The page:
Detroit flies high on beat-up old Red Wings

A middle-aged forward named Ullman scored most of Detroit's goals and a youngster named Crozier stopped the other team's, but it was the hoariest old men in hockey who really put the Red Wings over the top
March 29, 1965

It din't figure. It just din't figure," said the counterman in the restaurant on Grand River Avenue, and almost everyone in Detroit agreed with him. What didn't figure was that the Red Wings seemed about to win their first NHL championship in eight years and one look at the players on the Detroit bench explained why. Gordie Howe, the greatest forward of all time, is graying fast. Bill Gadsby looks as if he should be sipping tea on the porch of an old soldiers' home. Marcel Pronovost looks rather like an old, old boxing glove left out in the yard over a few winters, the result of skating on his face for 14 years. Add to these 40-year-old Ted Lindsay, who returned to hockey after four years of retirement, and you have the nucleus for a bomb—a defused one. When you consider that the last crutch keeping members of this wrinkled cast from falling flat is a rookie goalie playing his first year in the majors, it's obvious the thing is hopeless. But, as Gordie Howe puts it: "Our kids aren't really kids anymore and our old men have quite a bit left."

Howe, even at 37, ranks third among the scorers in the NHL this year. His 34-year-old teammate, Alex Delvecchio, is suddenly more effective than he has ever been. Gadsby (37) and Pronovost (34) are still rated the best defensemen in the league. And Lindsay has scored 14 goals. "Nobody in the history of the world could've predicted that," said one awed fan.

Another prediction nobody could have made was the surprise emergence of Norm Ullman as one of the top stars of the league. Although a baby in comparison to Gadsby and Lindsay, 29-year-old Ullman has been around eight long major league seasons without managing to attract anyone's particular attention. Now all at once he is tied with Bobby Hull in goals scored and ranks second in points to Stan Mikita.

"The big thing about Ullman," says his wingman, Floyd Smith, "is that he's a great forechecker. When the puck goes into the offensive end he's right behind it. The guy never lets up."

Ullman's capacity for hustle was never more apparent than last Friday night when the Wings came into New York anticipating an easy victory that could virtually sew up the championship. The out-of-the-running Rangers, always best with nothing at stake, shattered this complacency promptly with an early first-period goal that put New York one up. Detroit's Ron Murphy evened the score, then Howe and Ullman put the Wings ahead, but not for long. By the middle of the second period Detroit was trailing again by two goals, and Red Wing fans who had come east to see the game were sensing in their stomachs that despair that goes with a foretaste of defeat. In an almost incredible outpouring of sustained energy during the next 30 minutes Norm Ullman forestalled both defeat and stomachache by scoring two more goals. Detroit didn't win, but Ullman by pure hustle had produced the tie that put the Red Wings a comfortable four points ahead of Montreal in the standings.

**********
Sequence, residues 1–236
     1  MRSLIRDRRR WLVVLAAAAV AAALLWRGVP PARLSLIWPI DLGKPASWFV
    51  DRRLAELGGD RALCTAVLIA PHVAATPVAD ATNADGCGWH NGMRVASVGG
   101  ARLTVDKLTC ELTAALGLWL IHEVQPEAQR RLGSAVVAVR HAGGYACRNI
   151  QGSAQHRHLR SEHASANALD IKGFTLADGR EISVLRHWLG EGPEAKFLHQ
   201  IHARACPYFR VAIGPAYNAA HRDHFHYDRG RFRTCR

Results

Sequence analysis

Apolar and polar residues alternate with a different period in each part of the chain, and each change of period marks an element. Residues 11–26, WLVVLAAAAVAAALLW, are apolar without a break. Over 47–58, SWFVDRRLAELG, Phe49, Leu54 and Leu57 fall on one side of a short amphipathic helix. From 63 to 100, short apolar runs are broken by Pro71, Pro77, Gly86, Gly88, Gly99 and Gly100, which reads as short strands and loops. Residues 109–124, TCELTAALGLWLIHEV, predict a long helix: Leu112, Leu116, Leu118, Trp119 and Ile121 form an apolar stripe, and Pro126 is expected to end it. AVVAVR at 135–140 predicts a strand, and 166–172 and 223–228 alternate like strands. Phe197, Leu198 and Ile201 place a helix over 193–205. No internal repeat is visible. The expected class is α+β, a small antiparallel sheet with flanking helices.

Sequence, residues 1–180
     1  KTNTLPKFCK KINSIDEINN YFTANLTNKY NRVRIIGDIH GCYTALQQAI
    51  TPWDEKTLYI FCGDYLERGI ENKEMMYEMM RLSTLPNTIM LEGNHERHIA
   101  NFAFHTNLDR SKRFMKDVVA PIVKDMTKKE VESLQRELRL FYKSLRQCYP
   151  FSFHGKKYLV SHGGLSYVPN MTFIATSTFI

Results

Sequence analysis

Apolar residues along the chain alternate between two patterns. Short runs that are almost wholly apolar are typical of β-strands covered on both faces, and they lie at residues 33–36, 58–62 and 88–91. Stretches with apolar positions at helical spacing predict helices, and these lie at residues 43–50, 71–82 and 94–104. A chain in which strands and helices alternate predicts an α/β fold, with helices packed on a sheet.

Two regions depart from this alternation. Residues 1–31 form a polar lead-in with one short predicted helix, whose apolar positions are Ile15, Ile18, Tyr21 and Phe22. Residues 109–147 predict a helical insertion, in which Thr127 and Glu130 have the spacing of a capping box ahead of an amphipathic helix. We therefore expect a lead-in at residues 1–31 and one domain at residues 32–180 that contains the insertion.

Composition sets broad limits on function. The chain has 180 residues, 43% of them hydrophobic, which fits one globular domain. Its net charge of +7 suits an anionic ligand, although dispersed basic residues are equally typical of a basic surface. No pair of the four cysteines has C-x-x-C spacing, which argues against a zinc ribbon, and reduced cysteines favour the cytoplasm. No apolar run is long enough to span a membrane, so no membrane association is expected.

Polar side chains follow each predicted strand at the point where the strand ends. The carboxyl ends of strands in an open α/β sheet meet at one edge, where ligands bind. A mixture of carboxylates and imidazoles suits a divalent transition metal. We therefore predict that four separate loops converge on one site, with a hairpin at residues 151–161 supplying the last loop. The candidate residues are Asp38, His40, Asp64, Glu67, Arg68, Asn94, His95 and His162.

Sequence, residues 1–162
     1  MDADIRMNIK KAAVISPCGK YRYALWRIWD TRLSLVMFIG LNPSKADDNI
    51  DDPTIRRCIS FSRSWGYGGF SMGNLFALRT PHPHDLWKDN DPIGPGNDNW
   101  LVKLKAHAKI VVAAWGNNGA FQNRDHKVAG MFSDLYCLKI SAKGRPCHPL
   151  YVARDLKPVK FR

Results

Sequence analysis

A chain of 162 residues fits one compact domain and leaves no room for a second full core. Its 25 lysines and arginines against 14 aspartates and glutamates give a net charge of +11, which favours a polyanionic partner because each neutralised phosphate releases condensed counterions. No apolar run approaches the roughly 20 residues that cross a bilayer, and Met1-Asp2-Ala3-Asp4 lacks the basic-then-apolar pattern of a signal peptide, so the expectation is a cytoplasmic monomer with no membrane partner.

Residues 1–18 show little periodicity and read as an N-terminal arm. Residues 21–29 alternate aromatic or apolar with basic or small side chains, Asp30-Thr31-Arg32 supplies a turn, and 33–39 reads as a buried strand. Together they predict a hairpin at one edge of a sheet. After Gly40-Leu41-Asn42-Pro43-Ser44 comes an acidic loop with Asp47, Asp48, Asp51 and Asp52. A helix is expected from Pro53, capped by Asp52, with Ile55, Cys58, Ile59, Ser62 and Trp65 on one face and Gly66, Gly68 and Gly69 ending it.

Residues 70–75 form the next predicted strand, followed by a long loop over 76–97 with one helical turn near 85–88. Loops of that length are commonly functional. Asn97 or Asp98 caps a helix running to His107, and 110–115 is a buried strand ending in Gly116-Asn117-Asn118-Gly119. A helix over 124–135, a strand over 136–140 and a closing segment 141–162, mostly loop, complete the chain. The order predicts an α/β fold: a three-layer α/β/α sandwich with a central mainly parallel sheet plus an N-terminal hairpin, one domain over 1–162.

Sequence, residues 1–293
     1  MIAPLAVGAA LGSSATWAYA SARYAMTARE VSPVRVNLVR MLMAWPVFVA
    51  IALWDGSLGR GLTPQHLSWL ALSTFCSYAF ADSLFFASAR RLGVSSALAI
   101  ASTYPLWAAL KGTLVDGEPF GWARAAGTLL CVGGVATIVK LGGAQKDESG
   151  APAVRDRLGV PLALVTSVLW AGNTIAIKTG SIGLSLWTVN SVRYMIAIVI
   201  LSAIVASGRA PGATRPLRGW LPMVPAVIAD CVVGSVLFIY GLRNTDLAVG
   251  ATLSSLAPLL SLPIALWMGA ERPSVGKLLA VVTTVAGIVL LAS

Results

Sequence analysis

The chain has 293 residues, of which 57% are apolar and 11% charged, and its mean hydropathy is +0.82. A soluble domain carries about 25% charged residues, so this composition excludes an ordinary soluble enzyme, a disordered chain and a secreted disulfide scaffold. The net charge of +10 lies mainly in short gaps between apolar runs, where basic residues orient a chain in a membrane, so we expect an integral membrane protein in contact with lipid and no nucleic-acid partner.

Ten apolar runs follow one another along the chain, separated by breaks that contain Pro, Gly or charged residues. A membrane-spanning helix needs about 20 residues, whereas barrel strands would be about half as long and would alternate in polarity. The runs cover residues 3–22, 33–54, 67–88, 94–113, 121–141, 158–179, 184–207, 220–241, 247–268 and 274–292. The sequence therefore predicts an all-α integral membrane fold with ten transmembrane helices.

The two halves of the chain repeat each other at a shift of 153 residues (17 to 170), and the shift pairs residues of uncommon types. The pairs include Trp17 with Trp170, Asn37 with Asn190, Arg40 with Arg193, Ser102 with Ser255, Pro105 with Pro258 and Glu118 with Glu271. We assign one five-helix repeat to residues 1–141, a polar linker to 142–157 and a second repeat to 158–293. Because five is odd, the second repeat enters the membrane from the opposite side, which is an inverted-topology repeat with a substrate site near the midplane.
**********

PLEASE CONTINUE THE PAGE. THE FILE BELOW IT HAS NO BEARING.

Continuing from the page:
Ullman's brand of play mirrors perfectly the whole Red Wing attack. They are forever scuffling and scrambling for the puck and continuously checking—a pastime that seems actually to refresh the Wings. "There's nothing mysterious about what the Wings are doing," says Punch Imlach, of Toronto. "It's just work. They never stop skating. They throw the puck in your end and keep chasing it. I don't know how Abel can keep them doing it game in and game out. I can't with our guys."

At least one part of the answer lies in Detroit Coach Sid Abel's decision to use four forward lines in place of the usual three.

"With that extra line," says Delvecchio, "we're on the ice about a minute and 15 seconds and off three minutes. It means us old guys can push ourselves to the hilt."

But the old men are not the only players Abel nursemaids along so solicitously to build his winning team. Some weeks ago, when rookie Roger Crozier began to show the strain of a season that seems certain to win him the Vezina Trophy as top goalie of the league, Abel sent him to Florida for a vacation. Refreshed and rested, but back in his pads again and working harder than ever, Roger celebrated his 23rd birthday in the Wings" dressing room feeling like a veteran.

"I'll tell ya," he said, cutting the cake with a sigh. "I'm 23, but I'm beginning to look 35, and I feel like I'm 48." "Well,"' countered Bill Gadsby, "I'm 40, but I feel like I'm 25."

PHOTOINCORRIGIBLE TRESPASSER Norm Ullman invades the Ranger goalie's territory.

HOLE YARDS PAR R1 R2 R3 R4
OUT
HOLE YARDS PAR R1 R2 R3 R4
IN
Eagle (-2)
Birdie (-1)
Bogey (+1)
Double Bogey (+2)